Like the other Prime games, the music is wonderful. It further develops the overall mood of the alien environment. And for the first time, Prime 3 features full voice over work…but Samus does not speak (like all Nintendo characters). Instead, Samus can go up to any Federation trooper and speak to them as well as listen to orders from the commanding Aurora Unit. I must admit, hearing voice in a Nintendo game is a little strange because it is so unique, but I definitely enjoyed this new addition to the series.
Unlike Metroid Prime 2, this game is strictly a single player adventure. Metroid started in the single player category and I think it best belongs there. However, making an attempt of adding “achievements,” Prime 3 will reward players with vouchers by doing special things during gameplay such as scanning enemies, killing bosses, or performing other unique stunts. These vouchers are then used to unlock things like soundtracks, a Mii Bobblehead for your cockpit, and even incorporate a screenshot tool. This screenshot tool is very cool. Once unlocked, whenever the player taps “up” on the d-pad, a screenshot will be posted on the message board of your Wii Home Screen. This image can then be sent to anyone on your Wii Friend list. Also, the game will often reward the player with Friend Tickets, but in order to turn them into Friend Vouchers, the player must send them via WiiConnect24. Friend Tickets are useless unless they are turned into Friend Vouchers. This is a great reason to call up your buddies and get their Wii Friend Codes. Perhaps Nintendo has some big plans with their WiFi service and want gamers to gear up for it…?
The title of the game is Metroid Prime 3 Corruption. The “Corruption” part comes from the fact that Samus is infected with Phazon, the strange but powerful element that is the basis of the Prime series. Samus can now channel this Phazon power through her modified suit to shoot powerful beams that can take down enemies fast. But if not used with care, the Phazon will actually corrupt Samus and kill her, sending the player to the game over screen. Like using the visors, reaching the “+” key on the Wiimote to activate the Phazone mode isn’t the most convenient button to reach either, but it does the best it can.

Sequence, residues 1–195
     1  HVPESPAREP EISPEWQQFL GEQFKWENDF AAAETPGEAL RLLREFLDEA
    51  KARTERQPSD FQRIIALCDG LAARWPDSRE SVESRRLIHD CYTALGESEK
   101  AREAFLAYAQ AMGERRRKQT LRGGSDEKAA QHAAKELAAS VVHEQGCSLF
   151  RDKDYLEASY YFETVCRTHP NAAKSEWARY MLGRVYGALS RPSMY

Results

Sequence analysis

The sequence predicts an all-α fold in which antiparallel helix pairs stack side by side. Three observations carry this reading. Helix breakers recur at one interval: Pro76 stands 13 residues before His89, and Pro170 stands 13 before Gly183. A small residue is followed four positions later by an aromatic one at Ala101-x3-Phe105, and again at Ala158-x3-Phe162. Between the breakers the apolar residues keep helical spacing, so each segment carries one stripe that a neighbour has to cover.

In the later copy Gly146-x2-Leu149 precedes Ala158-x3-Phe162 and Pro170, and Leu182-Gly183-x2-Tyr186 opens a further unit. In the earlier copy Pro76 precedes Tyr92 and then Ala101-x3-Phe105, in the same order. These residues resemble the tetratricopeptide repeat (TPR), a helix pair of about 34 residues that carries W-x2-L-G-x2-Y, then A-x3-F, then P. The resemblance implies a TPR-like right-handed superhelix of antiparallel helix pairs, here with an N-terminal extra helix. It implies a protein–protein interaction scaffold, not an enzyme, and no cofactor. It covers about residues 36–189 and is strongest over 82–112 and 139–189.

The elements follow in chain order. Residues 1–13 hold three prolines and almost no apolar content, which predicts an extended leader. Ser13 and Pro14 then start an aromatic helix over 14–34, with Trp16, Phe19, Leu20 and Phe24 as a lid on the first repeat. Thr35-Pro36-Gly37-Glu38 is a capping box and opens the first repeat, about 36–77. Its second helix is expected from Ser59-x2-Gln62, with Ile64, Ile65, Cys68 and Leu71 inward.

For the first time, players will actually get to sit in Samus’ cockpit of her space craft. Controlling Samus’ hand via the Wiimote, the player will actually get to press buttons and play around in the cockpit. But flying from a cockpit view isn’t the only use for Samus’ ship. Once found, a grapple beam can be attached to your ship and will need to be used to solve puzzles throughout the game. In all honesty, Samus’ ship has always been a noticeable icon throughout the Metroid series, but until now, has never been more than a cosmetic feature. Using the ship for gameplay reasons really sets Prime 3 apart from all other Metroid games and should be used within every Metroid game from here on out.
Samus has a few new tricks up her arm cannon this time around. The grapple beam has been fleshed out and is used for many instances in combat and in puzzle solving. The player needs to physically extend the nunchuk, as if casting a line for fishing. Often times, Samus will encounter shield barring enemies and the only way to successfully attack them is to rip their shield away. Once the player extends the nunchuk, it needs to be quickly pulled back to finish the “whipping” effect. This grapple can even be used to power up or power down certain doors and force fields throughout the game. And when Samus needs to open doors or activate switches, the player physically has to move the Wiimote in the appropriate motion. For example, to open a door, the player needs to push the Wiimote in, then twist, then push it back in towards the screen. It is these little details that truly give the illusion that the player has become Samus herself. The motion controls are top notch in this game.